In fact, I’d go so far as to say that none of these options should be considered a permanent solution to the current situation with Curletts Rd. The real problem is either (a) not enough space for everything, or (b) too much traffic there. So that would suggest that the real solutions are either (a) purchase some frontages to provide a proper-width corridor for all modes, or (b) stop encouraging so much traffic to go down this way (e.g. NZTA are busy building a four-lane road between Hornby and Yaldhurst – shouldn’t traffic heading out west be encouraged to go that way instead?)

If you want to have your say on this matter, you’ve got until Fri 6th Sep to make your submission. There is a also drop-in day on Wed 21st Aug at the Upper Riccarton Library between 3-6pm, where you can discuss the options with NZTA and their designers.

What do you think of the options for Curletts Rd? Is there an “Option 4”?

8 thoughts on “The Curletts Road Conundrum”

  1. I can see that there is a problem here with traffic flows into town but you cannot help thinking that it is a o so convenient reason for NZTA to ignore cyclists once again. Surely we can do better than this???

  2. Riccarton High School needs a right turning lane into the school. It is soooo dangerous just stopping in a lane with cars going at full speed. We also hold lots of traffic up.

    A right turning arrow would be even better!

    Thankyou – Eileen

  3. I went down to the open night run by NZTA and it seems that this is a solution that can be implemented in the short term (but we all know how short term solutions turn out). If it isn’t this lowish cost option it will be 3 or more years before there is anything done. I used this road every day for over 10 years before they changed the road to the current form (I used it north bound in the evening until just over a year ago) it would be nice to be able to use it again from time to time even though I have changed where I now work and it may not be the best route for me. It was interesting some of their views of the alternate route down Hansens Lane. Lets see what they end up doing…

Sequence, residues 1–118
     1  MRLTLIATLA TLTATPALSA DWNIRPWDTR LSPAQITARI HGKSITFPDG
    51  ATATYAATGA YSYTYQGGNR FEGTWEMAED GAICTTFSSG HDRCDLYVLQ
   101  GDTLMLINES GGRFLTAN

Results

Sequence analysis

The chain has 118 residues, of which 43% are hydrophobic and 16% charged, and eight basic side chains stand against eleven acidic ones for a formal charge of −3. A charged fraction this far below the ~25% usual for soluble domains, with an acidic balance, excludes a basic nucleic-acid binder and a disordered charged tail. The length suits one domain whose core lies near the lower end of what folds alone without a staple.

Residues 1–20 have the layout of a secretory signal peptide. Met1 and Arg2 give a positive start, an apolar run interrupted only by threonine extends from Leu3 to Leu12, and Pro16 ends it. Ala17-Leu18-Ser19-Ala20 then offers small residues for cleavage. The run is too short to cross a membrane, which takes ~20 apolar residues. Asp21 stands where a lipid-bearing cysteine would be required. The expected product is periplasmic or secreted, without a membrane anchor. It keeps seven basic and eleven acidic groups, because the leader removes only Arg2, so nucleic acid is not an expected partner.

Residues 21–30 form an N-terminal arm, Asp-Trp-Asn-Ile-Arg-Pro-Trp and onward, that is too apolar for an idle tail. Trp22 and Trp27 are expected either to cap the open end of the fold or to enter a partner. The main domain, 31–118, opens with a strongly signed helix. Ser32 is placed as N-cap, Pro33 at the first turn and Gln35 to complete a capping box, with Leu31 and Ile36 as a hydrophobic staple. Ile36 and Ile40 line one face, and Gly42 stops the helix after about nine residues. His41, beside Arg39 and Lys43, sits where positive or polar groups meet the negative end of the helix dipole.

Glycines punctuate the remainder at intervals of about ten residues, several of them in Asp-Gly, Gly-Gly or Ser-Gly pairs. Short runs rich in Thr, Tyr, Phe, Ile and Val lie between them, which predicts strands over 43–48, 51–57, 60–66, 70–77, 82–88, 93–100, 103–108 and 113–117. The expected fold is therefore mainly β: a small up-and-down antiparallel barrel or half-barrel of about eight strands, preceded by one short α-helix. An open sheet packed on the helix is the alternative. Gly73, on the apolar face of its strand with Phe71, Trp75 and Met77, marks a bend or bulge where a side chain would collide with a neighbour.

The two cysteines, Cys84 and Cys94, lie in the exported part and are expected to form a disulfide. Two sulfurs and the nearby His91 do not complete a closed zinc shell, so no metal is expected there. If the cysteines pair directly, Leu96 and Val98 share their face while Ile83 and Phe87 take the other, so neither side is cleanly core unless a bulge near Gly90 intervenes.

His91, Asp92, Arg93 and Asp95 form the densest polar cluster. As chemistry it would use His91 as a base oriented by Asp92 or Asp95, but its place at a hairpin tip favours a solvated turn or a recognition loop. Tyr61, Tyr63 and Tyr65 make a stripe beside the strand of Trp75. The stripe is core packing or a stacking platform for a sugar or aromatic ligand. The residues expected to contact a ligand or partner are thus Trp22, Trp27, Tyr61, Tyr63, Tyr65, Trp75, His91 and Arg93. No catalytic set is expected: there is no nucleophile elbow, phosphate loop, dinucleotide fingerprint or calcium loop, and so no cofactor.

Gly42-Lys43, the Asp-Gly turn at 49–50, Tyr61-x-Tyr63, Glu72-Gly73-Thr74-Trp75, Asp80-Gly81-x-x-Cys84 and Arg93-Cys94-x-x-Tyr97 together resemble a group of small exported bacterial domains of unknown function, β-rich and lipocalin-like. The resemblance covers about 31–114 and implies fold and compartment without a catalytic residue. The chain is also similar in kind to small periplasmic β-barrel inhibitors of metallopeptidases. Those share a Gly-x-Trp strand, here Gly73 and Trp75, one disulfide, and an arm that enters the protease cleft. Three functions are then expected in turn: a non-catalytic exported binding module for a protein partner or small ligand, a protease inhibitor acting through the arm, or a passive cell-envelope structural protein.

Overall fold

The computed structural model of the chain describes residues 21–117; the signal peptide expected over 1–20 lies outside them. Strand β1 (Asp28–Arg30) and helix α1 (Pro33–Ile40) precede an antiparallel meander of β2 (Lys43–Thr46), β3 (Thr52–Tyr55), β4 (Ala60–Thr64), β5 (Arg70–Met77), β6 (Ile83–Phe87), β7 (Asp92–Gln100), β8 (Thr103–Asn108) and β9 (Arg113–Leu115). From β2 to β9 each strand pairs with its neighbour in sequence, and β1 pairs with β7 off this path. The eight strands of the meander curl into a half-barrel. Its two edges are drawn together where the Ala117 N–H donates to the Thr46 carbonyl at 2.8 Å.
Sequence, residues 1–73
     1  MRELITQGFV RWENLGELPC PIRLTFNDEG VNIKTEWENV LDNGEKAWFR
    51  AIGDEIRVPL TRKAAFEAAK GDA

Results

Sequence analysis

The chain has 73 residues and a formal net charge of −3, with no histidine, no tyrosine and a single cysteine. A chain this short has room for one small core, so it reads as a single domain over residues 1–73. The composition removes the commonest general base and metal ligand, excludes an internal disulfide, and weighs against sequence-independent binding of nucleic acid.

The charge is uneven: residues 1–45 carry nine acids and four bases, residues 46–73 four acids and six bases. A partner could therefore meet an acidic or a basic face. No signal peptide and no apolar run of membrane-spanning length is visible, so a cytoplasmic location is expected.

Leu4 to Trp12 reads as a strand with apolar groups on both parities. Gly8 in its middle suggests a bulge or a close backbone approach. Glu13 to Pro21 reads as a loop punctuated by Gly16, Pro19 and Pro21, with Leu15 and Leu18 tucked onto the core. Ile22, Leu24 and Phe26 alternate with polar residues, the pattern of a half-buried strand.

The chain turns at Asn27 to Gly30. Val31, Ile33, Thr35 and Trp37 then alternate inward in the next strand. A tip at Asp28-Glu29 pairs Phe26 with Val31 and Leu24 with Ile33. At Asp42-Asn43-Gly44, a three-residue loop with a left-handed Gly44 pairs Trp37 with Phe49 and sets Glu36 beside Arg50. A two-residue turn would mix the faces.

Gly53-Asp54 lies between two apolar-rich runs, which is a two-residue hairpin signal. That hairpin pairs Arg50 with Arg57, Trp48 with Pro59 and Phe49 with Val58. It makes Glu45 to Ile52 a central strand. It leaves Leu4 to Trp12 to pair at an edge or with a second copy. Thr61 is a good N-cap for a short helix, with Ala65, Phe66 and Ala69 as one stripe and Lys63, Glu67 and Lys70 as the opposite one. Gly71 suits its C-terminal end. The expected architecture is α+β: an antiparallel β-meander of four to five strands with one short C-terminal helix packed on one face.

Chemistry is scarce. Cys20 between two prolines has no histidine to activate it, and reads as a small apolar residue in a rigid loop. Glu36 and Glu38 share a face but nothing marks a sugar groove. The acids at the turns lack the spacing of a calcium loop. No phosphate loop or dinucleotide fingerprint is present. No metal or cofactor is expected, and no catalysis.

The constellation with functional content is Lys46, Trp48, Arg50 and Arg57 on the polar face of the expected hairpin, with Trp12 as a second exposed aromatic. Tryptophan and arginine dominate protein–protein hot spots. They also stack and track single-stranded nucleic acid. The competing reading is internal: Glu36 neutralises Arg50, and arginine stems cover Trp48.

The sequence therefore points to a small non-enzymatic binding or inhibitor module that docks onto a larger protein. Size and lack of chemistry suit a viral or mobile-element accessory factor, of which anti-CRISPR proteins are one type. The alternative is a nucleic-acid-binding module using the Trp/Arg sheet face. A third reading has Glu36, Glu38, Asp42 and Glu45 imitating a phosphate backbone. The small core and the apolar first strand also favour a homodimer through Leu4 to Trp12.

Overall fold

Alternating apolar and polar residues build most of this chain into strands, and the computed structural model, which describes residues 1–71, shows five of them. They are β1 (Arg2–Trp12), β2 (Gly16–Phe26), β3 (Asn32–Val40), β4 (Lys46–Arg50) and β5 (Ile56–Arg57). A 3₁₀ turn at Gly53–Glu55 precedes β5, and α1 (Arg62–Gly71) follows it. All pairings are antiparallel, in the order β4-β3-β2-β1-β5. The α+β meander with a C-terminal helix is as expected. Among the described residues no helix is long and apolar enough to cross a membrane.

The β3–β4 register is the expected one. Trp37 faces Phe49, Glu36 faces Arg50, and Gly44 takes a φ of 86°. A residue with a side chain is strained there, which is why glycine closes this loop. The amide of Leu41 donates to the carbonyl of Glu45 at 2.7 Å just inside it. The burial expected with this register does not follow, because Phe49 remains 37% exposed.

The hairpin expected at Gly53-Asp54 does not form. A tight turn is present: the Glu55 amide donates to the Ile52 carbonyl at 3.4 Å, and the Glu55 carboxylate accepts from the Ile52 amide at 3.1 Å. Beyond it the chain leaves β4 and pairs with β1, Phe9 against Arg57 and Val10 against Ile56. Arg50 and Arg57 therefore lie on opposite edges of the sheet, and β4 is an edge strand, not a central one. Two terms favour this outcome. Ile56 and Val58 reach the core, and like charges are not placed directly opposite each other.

4. I have just made a submission to Transit New Zealand that basically says don’t bother wasting my tax money on any of the options suggested. None of them are cycle friendly and they might as well leave things the way they are if that is the best they can do.

  5. With the existing width it is possible to run a 2 way bike path separated from the traffic and pedestrians on the Riccarton high School side of the road .and a permanent 4 lane highway. This would serve Riccarton high well and link the current Curletts Road cycle path on the other side of Blenheim Road to the Yaldhurst area. There could be no median strip in the centre and no parking but it would still be possible to made a short strip for the right turn into Riccarton High safe as mentioned above. Just need to buy a 2 metre strip from the school.

  6. Another short term fix that will ultimately result in a problem somewhere else that will need a short fix……. and so on . I say that congestion is a good thing as it highlights the need for more strategic thinking particularly about other transport options . The devil in me says ” let them learn to car-pool “

    1. The devil in me says ” let them learn to car-pool “, the angel in me says let them use a more sustainable mode of transport – a Bicycle.